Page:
I believe that my recent comments to the Defense Writers Group in response to a specific question about the "moral fiber" of American youth were far more comprehensive and complete than George Wilson reported in his June 26 article, "Top Marine Sees Loss of Moral Fiber." Be that as it may, one comment he did report on demands clarification and elaboration, and that is my personal views on the subject of the working mother.
First and foremost, let me be clear and unequivocal: I firmly believe that the responsibility for the physical, moral and spiritual upbringing of children belongs to the parents and, as I have always been taught, responsibility cannot be delegated. With that said, let me fully sympathize with and support the widowed or divorced mother who, more often than not, has little or no choice but to work. An example: when my mother became a "Gold Star Wife" during World War II, her widow's pension from a "grateful nation" was a mere $75 a month. Needless to say, she was required to work just to put bread in the mouths of three children at home.
In the case of married couples, both the mother and father must make a personal determination as to whether both will work, a determination based on their own unique circumstances and desires. Again, all too often there is little or no choice. Among the main considerations that both married and single parents must make when a parent does not remain at home during the day is: what alternative arrangements are available for the daily care of their children? In this regard, the "haves" can usually make far more satisfactory arrangements than the "have nots," and this is one of my concerns. Let me pause here with a declarative statement: I am not opposed to working married mothers -- or fathers, for that matter -- provided that both continue to accept total responsibility for and participate in the physical, moral and spiritual upbringing of their children.
Now, let me crow for a moment. The public record clearly shows the enormous expenditure of my time and energy during four years as commandant of the Marine Corps in the improvement of family life for the young men and women under me -- and this included significant efforts toward the improvement, both qualitative and quantitative, of our Marine Corps Child Care Centers. It is an unfortunate fact of life that the compensation provided to our young Marines does not always allow an acceptable standard of living in many geographic areas without a second family income. Accepting this reality, together with the fact that we have a number of wives who have chosen their own careers, it was my obligation to provide a wholesome and healthy alternative for the daily care of their children -- and this I did -- but in each instance our Child Care Centers are under the close, constant supervision of a caring and concerned chain of command. My gripe is not with well-run and -regulated child care centers, but more with the poor-to-unacceptable centers that are the only option for too many in our lower-income groups.
Unfortunately, during all the shouting we seem to have ignored the central question. Do we have a problem with a decline in the moral fiber of American youth? If the answer is no, then forget it -- I am wrong! If the answer is yes, however, then bashing P. X. Kelley for being the messenger may make some feel better, but it isn't going to make the problem disappear.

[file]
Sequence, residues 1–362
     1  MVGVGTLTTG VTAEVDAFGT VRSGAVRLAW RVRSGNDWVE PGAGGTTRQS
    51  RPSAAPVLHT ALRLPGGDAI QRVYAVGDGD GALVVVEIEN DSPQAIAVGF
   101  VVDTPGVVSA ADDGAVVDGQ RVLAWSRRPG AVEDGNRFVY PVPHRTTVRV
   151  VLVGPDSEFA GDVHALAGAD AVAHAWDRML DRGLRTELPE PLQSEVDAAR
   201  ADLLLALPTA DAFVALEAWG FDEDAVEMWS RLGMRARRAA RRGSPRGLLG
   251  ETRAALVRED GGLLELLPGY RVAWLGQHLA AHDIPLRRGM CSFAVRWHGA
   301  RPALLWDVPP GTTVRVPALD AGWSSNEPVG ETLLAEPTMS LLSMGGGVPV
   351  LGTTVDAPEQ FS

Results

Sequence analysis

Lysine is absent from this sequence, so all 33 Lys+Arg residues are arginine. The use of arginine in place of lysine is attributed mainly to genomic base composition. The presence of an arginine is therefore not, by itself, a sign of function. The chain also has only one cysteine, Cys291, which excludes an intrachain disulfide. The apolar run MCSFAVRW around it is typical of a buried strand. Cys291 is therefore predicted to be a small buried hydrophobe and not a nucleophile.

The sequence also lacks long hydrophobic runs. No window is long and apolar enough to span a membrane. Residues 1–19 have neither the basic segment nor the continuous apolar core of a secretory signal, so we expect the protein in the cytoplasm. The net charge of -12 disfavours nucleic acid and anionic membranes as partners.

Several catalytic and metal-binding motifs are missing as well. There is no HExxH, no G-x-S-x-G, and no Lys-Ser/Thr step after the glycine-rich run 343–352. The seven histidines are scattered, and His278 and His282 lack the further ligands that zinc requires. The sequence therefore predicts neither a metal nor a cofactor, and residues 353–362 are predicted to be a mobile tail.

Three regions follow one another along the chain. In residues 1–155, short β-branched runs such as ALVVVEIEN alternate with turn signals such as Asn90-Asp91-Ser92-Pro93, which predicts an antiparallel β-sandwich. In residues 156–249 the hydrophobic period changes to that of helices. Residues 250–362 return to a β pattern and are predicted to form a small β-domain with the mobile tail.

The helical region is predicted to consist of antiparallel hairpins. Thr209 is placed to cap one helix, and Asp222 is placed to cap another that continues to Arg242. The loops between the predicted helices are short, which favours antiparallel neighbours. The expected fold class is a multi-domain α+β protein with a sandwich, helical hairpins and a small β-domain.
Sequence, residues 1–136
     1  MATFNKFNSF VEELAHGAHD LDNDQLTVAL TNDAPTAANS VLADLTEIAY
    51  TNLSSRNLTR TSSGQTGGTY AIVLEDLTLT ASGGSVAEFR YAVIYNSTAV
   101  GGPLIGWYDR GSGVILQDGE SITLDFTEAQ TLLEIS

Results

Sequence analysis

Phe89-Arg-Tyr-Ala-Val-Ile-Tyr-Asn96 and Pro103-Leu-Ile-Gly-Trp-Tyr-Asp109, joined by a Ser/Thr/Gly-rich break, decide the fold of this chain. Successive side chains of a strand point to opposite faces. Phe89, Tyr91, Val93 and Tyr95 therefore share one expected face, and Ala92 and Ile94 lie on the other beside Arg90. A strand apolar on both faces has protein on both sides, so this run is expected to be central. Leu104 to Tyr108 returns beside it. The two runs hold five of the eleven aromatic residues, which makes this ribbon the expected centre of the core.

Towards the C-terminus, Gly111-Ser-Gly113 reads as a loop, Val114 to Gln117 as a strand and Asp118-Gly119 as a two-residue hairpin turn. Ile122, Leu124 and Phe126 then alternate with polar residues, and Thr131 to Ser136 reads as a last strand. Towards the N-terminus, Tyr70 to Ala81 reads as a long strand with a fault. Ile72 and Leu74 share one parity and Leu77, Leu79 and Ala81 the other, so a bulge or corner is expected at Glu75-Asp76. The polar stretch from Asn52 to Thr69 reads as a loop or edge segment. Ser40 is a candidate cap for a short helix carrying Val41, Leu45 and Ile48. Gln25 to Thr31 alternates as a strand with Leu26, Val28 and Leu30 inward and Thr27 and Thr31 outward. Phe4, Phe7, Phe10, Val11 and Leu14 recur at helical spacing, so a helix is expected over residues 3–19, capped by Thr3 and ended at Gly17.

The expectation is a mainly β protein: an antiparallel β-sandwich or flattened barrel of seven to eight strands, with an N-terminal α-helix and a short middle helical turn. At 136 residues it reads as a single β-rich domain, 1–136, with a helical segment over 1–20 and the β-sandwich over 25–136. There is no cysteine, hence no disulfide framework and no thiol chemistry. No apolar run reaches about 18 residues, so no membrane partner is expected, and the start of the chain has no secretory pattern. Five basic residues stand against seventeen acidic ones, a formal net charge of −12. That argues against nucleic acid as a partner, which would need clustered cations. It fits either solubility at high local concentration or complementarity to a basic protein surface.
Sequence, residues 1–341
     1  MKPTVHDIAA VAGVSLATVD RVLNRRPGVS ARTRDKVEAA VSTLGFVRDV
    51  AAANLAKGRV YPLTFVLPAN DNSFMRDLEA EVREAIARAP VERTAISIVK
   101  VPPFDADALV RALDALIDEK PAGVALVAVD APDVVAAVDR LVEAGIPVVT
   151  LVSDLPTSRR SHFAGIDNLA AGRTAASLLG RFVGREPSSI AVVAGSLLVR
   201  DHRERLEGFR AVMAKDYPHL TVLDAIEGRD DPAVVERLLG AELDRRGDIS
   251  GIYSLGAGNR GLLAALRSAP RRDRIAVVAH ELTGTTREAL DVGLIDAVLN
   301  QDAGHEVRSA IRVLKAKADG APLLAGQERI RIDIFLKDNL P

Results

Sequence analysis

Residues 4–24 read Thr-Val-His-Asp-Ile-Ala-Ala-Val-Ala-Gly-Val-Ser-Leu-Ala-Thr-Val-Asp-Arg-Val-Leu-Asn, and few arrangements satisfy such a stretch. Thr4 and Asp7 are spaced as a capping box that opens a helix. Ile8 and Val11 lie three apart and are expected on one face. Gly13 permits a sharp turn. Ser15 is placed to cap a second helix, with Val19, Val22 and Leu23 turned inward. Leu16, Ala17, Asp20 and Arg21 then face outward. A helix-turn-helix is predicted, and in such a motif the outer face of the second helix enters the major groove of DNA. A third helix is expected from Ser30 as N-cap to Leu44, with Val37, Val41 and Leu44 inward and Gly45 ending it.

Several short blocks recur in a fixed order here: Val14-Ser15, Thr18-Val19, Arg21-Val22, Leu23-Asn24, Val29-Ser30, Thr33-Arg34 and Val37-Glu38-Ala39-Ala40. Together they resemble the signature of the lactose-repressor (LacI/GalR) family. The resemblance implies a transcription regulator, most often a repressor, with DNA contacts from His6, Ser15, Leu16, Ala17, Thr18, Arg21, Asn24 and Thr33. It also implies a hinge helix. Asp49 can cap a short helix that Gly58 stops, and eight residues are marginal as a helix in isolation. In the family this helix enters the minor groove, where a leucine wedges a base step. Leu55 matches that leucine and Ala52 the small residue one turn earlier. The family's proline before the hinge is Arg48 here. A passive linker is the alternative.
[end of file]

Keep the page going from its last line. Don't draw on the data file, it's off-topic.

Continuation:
I submit that we do have a problem, and let me give you a few facts. Before doing so, let me provide a quotation from Sen. Orrin Hatch of Utah: "Children are precious, yet vulnerable -- especially to the exploitation of the drug market. There's no stronger force in the protection of our children than our parents."
Now the facts:
1. In 1986, 58 percent of all high school seniors had used illicit drugs at one time or another.
2. From 1983 to 1986, the number of high school seniors dependent on cocaine doubled. We now have over 25,000.
3. In 1986, nearly two-thirds of all high school seniors reported using alcohol during the past 30 days, and 37 percent reported having five drinks or more in a row at least once during the past two weeks.
4. In 1986, one in 20 high school seniors said they drank daily.
5. The age of "first use" of illicit drugs and alcohol is dropping. Currently, about one in six 13-year-olds has used at least marijuana.
I have chosen illicit drug use and alcohol abuse to highlight the fact that there is a problem. Ironically, research shows that illicit drug use among children is 10 times more prevalent than parents suspect. I could have used other standards of measurement, but I believe I have made my point. With that said, what are we going to do about it?
What I suggested to the Defense Writers Group was to bring together a number of the brightest minds in the country in a forum -- an institute which, for lack of a better term, I will call "The Institute of Traditional Values for Young Americans." Here, in an academic environment, we could examine the subject of "Morality and American Youth" and, one hopes, determine meaningful solutions where and when appropriate. Interestingly enough, one of the first subjects I would propose would be that of improving the availability of child-care centers for lower-income groups.
Now is the time for positive action. I ask all Americans to join me in an effort to shore up for our future generations the traditional values of love of God, love of country, love of family and love of fellow human beings. Is this too much to ask? Our parents did it for us. Gen. Kelley, now retired, was commandant of the Marine Corps. "I ask all Americans to join me in an effort to shore up for our future generations the traditional values." ,1 Taking Exception